The Super Bowl is a cultural phenomenon, with people from all over the world tuning in to watch the game, the halftime show and the ads; perhaps not in that order. And, regardless of the current issues the NFL is facing both on-and-off the field, this year’s event figures to once again deliver a mass audience devoted to delivering as much, if not more, social chatter about the ads rather than what transpires on the gridiron.
It used to be that the game-winning formula for Super Bowl marketers was simple: Run New Ad + Hire Spokesperson + Host Party = Success!
However, as the Super Bowl has gotten more cluttered from a commercial standpoint (more than 30 brands will be running commercials this year) the stakes for those who participate have grown, even while their chances of breaking through have diminished. Translation: Advertising in the Super Bowl is not without its risks. In fact, for some, it’s a huge gamble as the commitment (ad buy, production and promotion) can drain a significant portion of an annual marketing budget.
So, as the cost of the traditional point of entry – the broadcast ad – has skyrocketed to $5 million for a 30 second spot, brands have realized they need to generate maximum value for this investment.
Here are six key principles to position a brand for success on this Super Bowl Sunday and beyond…
1. Are you not entertained (preferably with humor)?
According to a survey by the National Retail Federation, 73% of Super Bowl viewers see the commercials as entertainment. So, be entertaining – whether that means humor, star power, sizzle, Americana or some combination of each. Per Ace Metrix, typical TV ads utilize humor approximately 20% of the time, while historically a humorous tone has been present in more than 50% of Super Bowl commercials – and early previews show this year’s ads are trending even higher from a humor standpoint.
2. If it ain’t broke, don’t fix it, but…
Celebrity sightings, a long-time tradition in Super Bowl advertising, need to be authentic and speak to the audience – and today should extend beyond the TVC. Yes, A-, B-, and even C-list celebs can help an ad get noticed, but stars for the sake of star power in a 30 second spot aren’t necessarily worth the fees, so think about how they can be incorporated into digital extensions, how the brand can leverage the talent’s social channels and if there is an opportunity to activate them for traditional earned media.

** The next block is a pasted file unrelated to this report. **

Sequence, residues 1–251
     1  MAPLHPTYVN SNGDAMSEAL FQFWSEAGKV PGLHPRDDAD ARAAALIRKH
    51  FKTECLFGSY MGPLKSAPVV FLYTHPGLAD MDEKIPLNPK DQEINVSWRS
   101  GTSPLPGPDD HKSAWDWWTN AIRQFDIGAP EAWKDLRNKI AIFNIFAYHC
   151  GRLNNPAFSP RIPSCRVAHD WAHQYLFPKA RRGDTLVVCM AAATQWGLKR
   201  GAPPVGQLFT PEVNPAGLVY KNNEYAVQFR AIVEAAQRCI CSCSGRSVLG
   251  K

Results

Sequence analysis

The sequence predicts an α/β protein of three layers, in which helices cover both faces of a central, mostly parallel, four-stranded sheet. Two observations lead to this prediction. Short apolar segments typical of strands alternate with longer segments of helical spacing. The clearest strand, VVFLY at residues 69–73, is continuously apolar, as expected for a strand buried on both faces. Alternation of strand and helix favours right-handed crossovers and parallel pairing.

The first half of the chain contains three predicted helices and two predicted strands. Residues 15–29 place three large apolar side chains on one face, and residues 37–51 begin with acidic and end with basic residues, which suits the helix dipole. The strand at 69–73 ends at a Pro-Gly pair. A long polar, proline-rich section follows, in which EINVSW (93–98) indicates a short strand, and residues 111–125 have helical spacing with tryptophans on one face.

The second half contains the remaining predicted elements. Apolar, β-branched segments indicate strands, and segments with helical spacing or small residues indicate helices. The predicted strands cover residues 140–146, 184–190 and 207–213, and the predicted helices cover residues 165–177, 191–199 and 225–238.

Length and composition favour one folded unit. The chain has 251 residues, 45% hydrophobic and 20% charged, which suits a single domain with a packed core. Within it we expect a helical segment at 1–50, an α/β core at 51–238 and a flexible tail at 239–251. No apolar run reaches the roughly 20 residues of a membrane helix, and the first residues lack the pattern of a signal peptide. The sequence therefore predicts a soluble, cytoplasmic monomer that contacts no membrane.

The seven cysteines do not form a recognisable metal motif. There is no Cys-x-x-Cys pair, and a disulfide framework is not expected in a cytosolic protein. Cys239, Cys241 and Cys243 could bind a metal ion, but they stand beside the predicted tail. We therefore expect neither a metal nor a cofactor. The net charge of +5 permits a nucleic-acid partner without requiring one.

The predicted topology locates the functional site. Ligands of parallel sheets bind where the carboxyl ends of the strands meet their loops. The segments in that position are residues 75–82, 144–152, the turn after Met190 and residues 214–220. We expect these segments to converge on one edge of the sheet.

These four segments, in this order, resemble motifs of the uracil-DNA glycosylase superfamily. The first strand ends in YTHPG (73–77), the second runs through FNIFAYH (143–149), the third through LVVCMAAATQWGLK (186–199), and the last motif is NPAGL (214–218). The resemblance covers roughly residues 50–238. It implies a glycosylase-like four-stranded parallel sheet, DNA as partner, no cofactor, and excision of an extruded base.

3. Surround sound marketing.
Have pre-game, in-game and post-game plans that are integrated across marketing disciplines, and incorporate social listening to capitalize on any unforeseen opportunities. In the era of multi-screen viewing, a successful Super Bowl campaign requires an omni-channel and nimble strategy. At this point, consumers expect brands to have expansive, multi-platform campaigns around the Super Bowl, so the fear of “overwhelming” your target is less of a risk than being overshadowed by another brand’s campaign.
4. Mobile, mobile, mobile… HIKE.
Mobile optimized content and strategic digital advertising, which provides an opportunity at scale to personalize and target, will be what successful brands activate on Super Bowl Sunday. Social media ads matter, in spite of the fact that hundreds of millions of people around the globe watch it live on television.
5. Update your playbook.
Influencer marketing will be the newest play in the Super Bowl marketer’s game plan. We’ve already seen one brand follow up the announcement of their campaign via Instagram with the engagement of several leading influencers for further amplification. And, no doubt there will be more to come from this discipline as ads and promotions are unveiled.
6. Play through the final whistle.
When the game is over, the architects behind successful campaigns don’t head to Disney World like the stars of the game do. Rather, they begin to leverage the awareness the Super Bowl has provided their brands by deploying sustainment tactics that will extend the reach, if not maintain the momentum, over the coming weeks.
Whatever a brand’s goal(s), be it create awareness, generating buzz or driving business (or, most likely, all three), the Super Bowl continues to be a very effective marketing platform because of the incredible audience it delivers, not just on game day but also in the buildup and aftermath of this unofficial American holiday.
Just as winning the coin toss has little to do with who lifts the Lombardi Trophy at the end of the game, winning the Ad Meter doesn’t necessarily mean meeting your business goals, so companies should have a full game plan to maximize their spend.